Source: The National, Wednesday, February 27, 2013
Story and picture by MALUM NALU
BRIAN BELL, the major supplier of agriculture seeds in the country, has to turn away hundreds of potential customers after it ran short of corn seeds.
There has been a massive demand from residents – both within the city and elsewhere – after the recent heavy rain
For instance yesterday at Brian Bell Boroko, with people turned up and asked for corn seeds, only to be told that supplies had run out.
A sign at the agriculture counter advised them that corn seeds had run out, and they should check again at the end of next month when new supplies arrived.
John Tokunai, a veteran radio journalist and now agricultural sales consultant with Brian Bell, told The National that corn was shipped in 870kg bags every quarter but sold out like “hot cakes”, especially during the rainy season.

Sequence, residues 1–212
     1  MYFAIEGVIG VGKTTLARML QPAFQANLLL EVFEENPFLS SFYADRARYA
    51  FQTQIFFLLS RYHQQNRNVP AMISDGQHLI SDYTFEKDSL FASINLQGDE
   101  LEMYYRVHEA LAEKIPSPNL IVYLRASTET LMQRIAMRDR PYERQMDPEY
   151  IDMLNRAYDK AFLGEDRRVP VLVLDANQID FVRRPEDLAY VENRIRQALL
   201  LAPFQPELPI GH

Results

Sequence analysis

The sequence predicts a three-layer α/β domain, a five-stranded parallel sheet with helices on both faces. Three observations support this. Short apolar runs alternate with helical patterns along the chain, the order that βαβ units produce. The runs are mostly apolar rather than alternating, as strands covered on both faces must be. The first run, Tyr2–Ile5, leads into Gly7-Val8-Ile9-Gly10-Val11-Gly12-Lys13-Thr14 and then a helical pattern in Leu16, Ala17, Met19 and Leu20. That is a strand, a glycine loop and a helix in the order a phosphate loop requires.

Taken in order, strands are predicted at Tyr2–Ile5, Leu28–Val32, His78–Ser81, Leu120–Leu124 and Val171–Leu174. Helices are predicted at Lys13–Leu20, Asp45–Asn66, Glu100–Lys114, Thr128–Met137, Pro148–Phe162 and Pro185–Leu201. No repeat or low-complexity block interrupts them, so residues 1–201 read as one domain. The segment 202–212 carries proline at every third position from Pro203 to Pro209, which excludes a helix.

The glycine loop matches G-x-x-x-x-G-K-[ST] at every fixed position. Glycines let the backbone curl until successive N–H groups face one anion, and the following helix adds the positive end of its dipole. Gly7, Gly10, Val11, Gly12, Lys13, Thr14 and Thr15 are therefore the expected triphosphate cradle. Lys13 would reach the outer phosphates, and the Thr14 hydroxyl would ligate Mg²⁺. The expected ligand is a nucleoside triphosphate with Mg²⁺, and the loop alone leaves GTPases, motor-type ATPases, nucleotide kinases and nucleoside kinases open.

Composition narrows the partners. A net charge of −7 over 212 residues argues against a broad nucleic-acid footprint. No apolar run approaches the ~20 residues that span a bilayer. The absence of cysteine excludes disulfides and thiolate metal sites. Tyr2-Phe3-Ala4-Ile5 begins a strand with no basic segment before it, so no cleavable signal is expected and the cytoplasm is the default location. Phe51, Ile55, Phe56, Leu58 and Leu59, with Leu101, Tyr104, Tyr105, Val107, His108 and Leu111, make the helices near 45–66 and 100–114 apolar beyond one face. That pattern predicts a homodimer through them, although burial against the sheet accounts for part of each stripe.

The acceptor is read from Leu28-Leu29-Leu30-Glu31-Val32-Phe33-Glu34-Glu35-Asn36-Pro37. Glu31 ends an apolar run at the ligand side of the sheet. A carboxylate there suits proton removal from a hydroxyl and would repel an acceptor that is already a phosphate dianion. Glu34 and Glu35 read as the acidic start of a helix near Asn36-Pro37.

|John Tokunai with a sign that says it all|
“That’s when the hills of Port Moresby are turned into vegetable plots.
“Here at Boroko, when the corn seeds arrive, the queues can extend past Ori Lavi Haus and past the Tango shop, just waiting for Brian Bell to open.
“Once the door opens at 8am, even before the corn packets are priced, they are quickly distributed to customers.
“We just sell, sell, sell, because there are so many people and we want to get rid of the long queues of customers in waiting.
“You can see from that indication that sales of corn seeds are very, very fast, they sell like hot cakes.
“Right now, at the end of February, we don’t have corn seeds.”
“The next shipment is due in six weeks time.”
Tokunai said pak choi (Chinese cabbage), cucumber, capsicum, and snake beans were also fast sellers, as they grew rapidly in Port Moresby during the rainy season, and were a good source of income for many people in the city.